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Still think Mark Hurd is a wunderkind when it comes to selling hardware? Oracle (Nasdaq: ORCL) surprised the Street last night when it reported a 6% decline in fourth-quarter hardware revenue. The stock fell sharply as a result.

It's tough to call this sell-off justified after looking at all the Q4 results. Some highlights:

  • Total revenue reached $10.78 billion, resulting in $0.75 a share of adjusted earnings. Analysts expected $10.75 billion and $0.71, respectively.
  • New software license revenue improved 19% to $3.73 billion.
  • Full-year cash from operations soared 29% to $11.2 billion.

And while investors didn't appreciate the decline in hardware system sales, propelled by Exadata and Exalogic system growth, Oracle still managed to generate $1.83 billion in sales when you include maintenance and support. On that basis, the hardware group roughly matched last year's Q4.

So why are investors selling? I guess they'd overestimated the database king's ability to topple server and storage incumbents. Some may have pinned their hopes on a May research report from IDC, which showed Oracle making slight share gains on a double-digit increase in server revenue. Was IDC simply wrong? Too optimistic?

Neither, I'd say. IDC's numbers never intended to represent more than a portion of Oracle's hardware sales -- server-related revenue specifically, inherited via its acquisition of Sun Microsystems. The optimists among us probably hoped that server gains would boost the entire hardware division, putting pressure on Hewlett-Packard (NYSE: HPQ), IBM (NYSE: IBM), and Dell (Nasdaq: DELL) as earnings soared. That just didn't happen.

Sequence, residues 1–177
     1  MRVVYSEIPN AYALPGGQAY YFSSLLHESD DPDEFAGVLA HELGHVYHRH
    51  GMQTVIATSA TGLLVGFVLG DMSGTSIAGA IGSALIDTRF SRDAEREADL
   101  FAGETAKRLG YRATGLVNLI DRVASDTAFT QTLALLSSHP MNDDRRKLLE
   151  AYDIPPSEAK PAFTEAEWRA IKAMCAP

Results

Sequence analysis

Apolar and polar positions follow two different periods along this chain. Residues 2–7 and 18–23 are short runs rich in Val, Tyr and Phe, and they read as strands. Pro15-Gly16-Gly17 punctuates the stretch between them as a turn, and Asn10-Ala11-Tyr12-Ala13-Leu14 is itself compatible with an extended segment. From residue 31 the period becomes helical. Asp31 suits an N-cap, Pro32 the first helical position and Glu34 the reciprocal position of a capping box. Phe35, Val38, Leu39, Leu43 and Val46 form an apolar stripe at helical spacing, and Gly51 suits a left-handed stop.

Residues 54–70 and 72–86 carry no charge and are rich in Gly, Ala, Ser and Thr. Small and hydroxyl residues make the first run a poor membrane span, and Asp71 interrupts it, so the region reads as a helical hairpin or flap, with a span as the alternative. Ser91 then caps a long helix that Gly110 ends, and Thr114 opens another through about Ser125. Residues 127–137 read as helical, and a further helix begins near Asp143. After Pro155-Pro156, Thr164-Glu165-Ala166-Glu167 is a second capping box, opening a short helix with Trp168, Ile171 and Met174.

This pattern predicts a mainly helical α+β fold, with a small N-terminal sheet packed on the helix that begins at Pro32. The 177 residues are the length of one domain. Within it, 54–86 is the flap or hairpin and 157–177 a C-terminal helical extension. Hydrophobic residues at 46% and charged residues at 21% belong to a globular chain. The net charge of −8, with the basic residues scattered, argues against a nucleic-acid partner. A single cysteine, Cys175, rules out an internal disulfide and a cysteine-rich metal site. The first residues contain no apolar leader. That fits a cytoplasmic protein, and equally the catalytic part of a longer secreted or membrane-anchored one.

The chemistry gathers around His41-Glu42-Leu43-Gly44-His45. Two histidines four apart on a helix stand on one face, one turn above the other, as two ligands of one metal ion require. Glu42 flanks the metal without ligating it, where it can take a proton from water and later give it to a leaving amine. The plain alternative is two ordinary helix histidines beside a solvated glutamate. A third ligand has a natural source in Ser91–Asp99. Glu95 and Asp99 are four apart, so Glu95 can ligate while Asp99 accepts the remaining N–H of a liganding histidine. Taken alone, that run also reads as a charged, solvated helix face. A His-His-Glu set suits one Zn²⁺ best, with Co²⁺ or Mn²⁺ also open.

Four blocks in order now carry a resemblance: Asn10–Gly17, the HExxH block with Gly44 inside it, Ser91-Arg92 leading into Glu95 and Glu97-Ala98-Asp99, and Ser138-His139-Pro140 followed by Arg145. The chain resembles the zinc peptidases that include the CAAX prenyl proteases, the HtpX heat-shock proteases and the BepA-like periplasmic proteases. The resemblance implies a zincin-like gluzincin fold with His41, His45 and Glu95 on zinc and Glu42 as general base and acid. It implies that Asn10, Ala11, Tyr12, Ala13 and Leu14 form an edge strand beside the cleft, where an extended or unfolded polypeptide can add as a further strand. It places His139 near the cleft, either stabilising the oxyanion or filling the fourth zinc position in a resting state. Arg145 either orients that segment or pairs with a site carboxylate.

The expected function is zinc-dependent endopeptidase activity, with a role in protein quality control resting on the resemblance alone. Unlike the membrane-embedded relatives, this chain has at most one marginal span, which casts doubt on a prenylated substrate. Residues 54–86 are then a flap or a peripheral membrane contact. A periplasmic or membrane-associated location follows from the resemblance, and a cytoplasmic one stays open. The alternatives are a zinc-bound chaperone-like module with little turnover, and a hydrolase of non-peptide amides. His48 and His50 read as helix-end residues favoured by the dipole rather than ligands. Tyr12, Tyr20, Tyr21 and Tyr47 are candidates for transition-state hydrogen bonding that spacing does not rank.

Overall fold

Should investors worry? Should they keep selling? We're asking you. Please vote in the poll below, then leave a comment to tell us what you think about Oracle's earnings report.

Fool contributor Tim Beyers is a member of the Motley Fool Rule Breakers stock-picking team. He owned shares of IBM and Oracle at the time of publication. Check out Tim's portfolio holdings and Foolish writings, or connect with him on Twitter as @milehighfool. You can also get his insights delivered directly to your RSS reader.

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